Afghanistan Campaign Medal

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Afghanistan Campaign Medal
Afghanistan Campaign Medal
Awarded by United States Department of Defense
Type Campaign Medal
Status Current
Established EO 13363, November 29, 2004; 12 years ago (2004-11-29)
First awarded October 24, 2001 (retroactive)
Next (higher) Kosovo Campaign Medal[1]
Next (lower) Iraq Campaign Medal[1]

Global War on Terrorism Expeditionary Medal

NATO Medal
Afghanistan Campaign Medal ribbon.svg

Streamer AFGCS.PNG
Ribbon & Streamer

The Afghanistan Campaign Medal (ACM) is a military award of the United States military which was created by Executive Order 13363 of President George W. Bush on November 29, 2004.[2] The Afghanistan Campaign Medal was designed by the U.S. Army Institute of Heraldry.[3][4]

The Afghanistan Campaign Medal became available for general distribution in June 2005. It is awarded to any member of the United States military who has performed duty within the borders of Afghanistan (or its airspace) for a period of thirty consecutive days or sixty non-consecutive days. The medal is retroactive to October 24, 2001, and is active until a date to be determined. Personnel who have been engaged in combat with an enemy force, or personnel who have been wounded in combat within Afghanistan, may receive the Afghanistan Campaign Medal regardless of the number of days spent within the country. The medal is also awarded posthumously to any service member who dies in the line of duty within Afghanistan, including from non-combat injuries such as accidents and mishaps.[5][6]

Campaign phases and devices[edit]

The following are the established campaign phases for the Afghanistan Campaign Medal:[7][8][9][10]

Phase Name From To
Phase 1: Liberation of Afghanistan September 11, 2001 November 30, 2001
Phase 2: Consolidation I December 1, 2001 September 30, 2006
Phase 3: Consolidation II October 1, 2006 November 30, 2009
Phase 4: Consolidation III December 1, 2009 June 30, 2011
Phase 5: Transition I July 1, 2011 December 31, 2014
Phase 6: Transition II January 1, 2015 Present

For each campaign phase that an individual participates in, a bronze 3/16" service star is worn on the service ribbon, with a silver service star being worn in lieu of five bronze service stars:[7][11][12][13][14][15][16]

Any one of the six phases
Bronze star
Two of the six phases
Bronze star
Bronze star
Three of the six phases
Bronze star
Bronze star
Bronze star
Four of the six phases
Bronze star
Bronze star
Bronze star
Bronze star
Five of the six phases
Silver star
All six phases
Silver star
Bronze star

The Afghanistan Campaign Medal may also be awarded with the combat operation insignia for qualified sailors assigned to Marine Corps units, as well as the arrowhead device for qualified soldiers.


The medal is bronze in appearance, 1.25 inches in diameter. It depicts above a range of mountains a map of Afghanistan. Around the top is the inscription "AFGHANISTAN CAMPAIGN." On the reverse, a radiating demi-sun superimposed by an eagle’s head couped. Inscribed across the bottom half of the reserve side are the three lines "FOR SERVICE IN AFGHANISTAN", enclosed by a laurel wreath.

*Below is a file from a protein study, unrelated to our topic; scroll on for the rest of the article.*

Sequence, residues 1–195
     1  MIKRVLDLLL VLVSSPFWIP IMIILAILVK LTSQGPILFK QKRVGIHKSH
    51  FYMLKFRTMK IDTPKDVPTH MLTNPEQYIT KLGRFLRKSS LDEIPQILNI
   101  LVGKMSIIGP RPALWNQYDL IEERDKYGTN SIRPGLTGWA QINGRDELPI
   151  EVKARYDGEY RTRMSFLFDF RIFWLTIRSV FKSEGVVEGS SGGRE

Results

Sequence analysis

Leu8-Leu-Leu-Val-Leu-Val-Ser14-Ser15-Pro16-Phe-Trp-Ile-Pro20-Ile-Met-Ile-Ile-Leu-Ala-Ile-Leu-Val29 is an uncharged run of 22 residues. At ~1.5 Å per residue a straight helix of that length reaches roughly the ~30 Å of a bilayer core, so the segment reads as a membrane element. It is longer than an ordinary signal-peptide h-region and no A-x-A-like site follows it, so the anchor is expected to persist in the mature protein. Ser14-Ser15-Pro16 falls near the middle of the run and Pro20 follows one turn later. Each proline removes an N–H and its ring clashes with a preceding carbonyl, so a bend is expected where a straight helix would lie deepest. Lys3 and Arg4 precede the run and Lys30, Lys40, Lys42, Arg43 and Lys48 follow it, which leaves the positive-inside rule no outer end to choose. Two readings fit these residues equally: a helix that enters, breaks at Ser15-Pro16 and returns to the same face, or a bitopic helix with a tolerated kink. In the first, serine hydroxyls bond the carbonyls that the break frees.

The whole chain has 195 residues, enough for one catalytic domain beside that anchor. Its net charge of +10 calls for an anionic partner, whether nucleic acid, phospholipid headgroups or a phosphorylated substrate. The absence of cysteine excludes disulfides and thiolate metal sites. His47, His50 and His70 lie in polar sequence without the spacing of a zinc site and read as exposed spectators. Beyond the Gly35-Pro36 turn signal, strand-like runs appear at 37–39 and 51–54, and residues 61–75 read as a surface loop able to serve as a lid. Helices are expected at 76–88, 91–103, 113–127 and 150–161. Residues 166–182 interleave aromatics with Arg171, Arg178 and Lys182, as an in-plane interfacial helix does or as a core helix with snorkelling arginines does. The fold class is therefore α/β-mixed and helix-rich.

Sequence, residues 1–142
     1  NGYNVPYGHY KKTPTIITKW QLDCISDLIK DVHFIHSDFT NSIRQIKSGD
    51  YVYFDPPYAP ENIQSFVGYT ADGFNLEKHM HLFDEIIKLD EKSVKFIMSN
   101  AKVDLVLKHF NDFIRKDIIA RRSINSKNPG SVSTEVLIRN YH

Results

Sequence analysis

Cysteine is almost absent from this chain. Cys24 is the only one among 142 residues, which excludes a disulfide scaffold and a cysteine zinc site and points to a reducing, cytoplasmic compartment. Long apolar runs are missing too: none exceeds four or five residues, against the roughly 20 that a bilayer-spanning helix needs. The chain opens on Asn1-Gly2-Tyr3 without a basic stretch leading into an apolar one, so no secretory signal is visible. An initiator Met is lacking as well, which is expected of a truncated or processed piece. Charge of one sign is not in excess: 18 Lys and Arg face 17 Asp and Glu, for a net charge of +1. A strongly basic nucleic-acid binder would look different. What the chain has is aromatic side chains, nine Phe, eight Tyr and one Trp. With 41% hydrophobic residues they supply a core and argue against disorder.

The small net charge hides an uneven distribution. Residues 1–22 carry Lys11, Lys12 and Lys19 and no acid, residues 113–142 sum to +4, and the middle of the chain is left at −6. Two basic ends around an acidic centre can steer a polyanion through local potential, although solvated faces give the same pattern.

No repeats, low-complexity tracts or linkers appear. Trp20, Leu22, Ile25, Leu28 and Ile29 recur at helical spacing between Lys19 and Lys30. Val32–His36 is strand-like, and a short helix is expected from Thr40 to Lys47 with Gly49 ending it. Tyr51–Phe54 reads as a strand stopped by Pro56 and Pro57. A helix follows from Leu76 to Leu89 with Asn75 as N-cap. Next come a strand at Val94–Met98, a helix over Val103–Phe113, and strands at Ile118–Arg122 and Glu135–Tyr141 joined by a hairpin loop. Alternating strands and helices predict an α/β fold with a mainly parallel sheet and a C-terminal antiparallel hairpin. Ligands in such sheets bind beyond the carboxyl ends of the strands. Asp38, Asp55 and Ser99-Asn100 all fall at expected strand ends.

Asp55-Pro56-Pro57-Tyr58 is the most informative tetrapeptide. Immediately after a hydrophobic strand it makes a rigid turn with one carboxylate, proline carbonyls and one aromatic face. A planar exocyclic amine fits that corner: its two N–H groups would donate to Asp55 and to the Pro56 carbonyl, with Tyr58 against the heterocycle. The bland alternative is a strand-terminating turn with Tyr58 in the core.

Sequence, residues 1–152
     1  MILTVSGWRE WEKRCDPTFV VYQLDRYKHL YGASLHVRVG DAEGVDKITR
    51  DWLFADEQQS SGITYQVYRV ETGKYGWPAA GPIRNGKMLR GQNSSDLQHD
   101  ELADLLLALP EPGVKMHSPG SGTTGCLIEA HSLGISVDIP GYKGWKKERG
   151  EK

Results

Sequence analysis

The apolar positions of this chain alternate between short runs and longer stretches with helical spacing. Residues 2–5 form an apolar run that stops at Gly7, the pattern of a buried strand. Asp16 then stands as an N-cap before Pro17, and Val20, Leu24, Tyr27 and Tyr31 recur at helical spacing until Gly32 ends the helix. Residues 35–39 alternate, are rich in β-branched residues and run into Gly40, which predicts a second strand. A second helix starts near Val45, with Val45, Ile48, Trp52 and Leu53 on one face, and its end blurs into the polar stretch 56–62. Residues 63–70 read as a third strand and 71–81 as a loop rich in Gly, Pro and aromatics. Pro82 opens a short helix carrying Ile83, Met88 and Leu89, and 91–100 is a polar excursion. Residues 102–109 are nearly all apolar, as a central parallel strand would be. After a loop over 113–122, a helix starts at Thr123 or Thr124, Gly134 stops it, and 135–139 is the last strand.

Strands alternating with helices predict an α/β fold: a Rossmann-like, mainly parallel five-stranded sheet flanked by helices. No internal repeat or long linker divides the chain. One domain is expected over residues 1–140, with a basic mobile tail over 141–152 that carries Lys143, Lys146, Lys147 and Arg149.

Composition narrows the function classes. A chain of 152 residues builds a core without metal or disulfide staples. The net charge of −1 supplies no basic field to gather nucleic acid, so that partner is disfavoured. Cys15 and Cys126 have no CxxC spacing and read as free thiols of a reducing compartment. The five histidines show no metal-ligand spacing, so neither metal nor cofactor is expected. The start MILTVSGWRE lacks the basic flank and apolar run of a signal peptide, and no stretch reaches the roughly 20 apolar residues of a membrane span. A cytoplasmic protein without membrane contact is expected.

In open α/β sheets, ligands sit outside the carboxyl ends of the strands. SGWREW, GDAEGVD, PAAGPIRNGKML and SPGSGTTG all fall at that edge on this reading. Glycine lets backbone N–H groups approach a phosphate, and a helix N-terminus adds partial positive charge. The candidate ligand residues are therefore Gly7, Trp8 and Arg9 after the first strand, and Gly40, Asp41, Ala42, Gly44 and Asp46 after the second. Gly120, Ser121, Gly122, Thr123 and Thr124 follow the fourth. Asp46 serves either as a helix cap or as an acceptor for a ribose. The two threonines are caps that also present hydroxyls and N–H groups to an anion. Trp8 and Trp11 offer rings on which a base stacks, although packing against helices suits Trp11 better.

Global War on Terrorism Expeditionary Medal[edit]

The award replaces the Global War on Terrorism Expeditionary Medal (GWOTEM) for service in Afghanistan and personnel who previously received the GWOTEM for Afghanistan service may elect to exchange the medal for the new Afghanistan Campaign Medal. Both medals may not be received for the same period of service in Afghanistan and any current Afghanistan service will only be recognized with the Afghanistan Campaign Medal.[17]

See also[edit]


  1. ^ a b "Army Regulation 600–8–22 Military Awards" (PDF). Army Publishing Directorate. p. 17. Retrieved 24 January 2016. 
  2. ^ "Executive Order: Establishing the Afghanistan and Iraq Campaign Medals". 29 November 2004. Retrieved 29 May 2015. 
  3. ^ "Error". Retrieved 29 May 2015. 
  4. ^ "Factsheets : Afghanistan Campaign Medal". Retrieved 29 May 2015. 
  5. ^ "DoD Announces Criteria for Two New Campaign Medals" United States Department of Defense 07 April 2005
  6. ^ "New Campaign Medals Recognize Iraq, Afghanistan Service" Archived April 14, 2012, at the Wayback Machine. United States Department of Defense 07 April 2005
  7. ^ a b "Afghanistan Campaign Medal or Iraq Campaign Medal". Awards and Decorations Branch Article. Army Human Resource Command. Archived from the original on 11 September 2015. Retrieved 3 December 2012. 
  8. ^ "News Release: Additional Phases Identified for Iraq and Afghanistan Campaign Medals". Archived from the original on 2012-01-15. Retrieved 2012-05-31. 
  9. ^ New Campaign phase approved
  10. ^ DoD News, Defense Media Activity. "Operation Freedom's Sentinel Qualifies for Campaign Medal". Department of Defense. Retrieved 20 February 2015. 
    Tilghman, Andrew (19 February 2015). "Despite war's end, Pentagon extends Afghanistan campaign medal". MilitaryTimes. Gannett. Retrieved 28 February 2015. 
  11. ^ "Department of Defense Manual 1348.33, Volume 3" (PDF). Defense Technical Information Center. 23 November 2010. p. 51. Retrieved 16 October 2012. 
  12. ^ Army Regulation 600-8-22
  13. ^ Air Force Instruction 36-2803
  14. ^ "NAVADMIN 141/08". Retrieved 21 May 2008. 
  15. ^ Two Bulls, Richard. "Campaign Stars Established to Recognize Multiple Deployments". Naval Media Center Public Affairs. Retrieved 5 June 2008. 
  16. ^ Coast Guard Commandant Instruction 1650.25D
  17. ^ 578.29 Afghanistan Campaign Medal